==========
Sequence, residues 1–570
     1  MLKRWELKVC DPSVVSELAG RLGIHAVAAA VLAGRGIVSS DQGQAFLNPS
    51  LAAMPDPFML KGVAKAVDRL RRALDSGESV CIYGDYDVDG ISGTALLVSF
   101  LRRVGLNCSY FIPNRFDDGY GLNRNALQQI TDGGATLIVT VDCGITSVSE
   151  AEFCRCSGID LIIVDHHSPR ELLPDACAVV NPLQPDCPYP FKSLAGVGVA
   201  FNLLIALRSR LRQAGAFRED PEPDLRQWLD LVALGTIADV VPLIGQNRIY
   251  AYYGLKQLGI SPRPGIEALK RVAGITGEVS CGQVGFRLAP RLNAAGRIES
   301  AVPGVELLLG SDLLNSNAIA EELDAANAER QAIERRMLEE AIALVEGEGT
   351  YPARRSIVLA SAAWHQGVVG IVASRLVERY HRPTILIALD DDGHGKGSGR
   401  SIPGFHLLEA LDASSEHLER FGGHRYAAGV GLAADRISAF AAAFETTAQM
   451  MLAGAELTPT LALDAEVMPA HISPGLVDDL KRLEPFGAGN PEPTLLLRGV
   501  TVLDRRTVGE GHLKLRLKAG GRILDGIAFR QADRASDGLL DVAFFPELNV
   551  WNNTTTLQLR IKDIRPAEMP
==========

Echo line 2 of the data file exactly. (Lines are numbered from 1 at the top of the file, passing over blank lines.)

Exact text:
     1  MLKRWELKVC DPSVVSELAG RLGIHAVAAA VLAGRGIVSS DQGQAFLNPS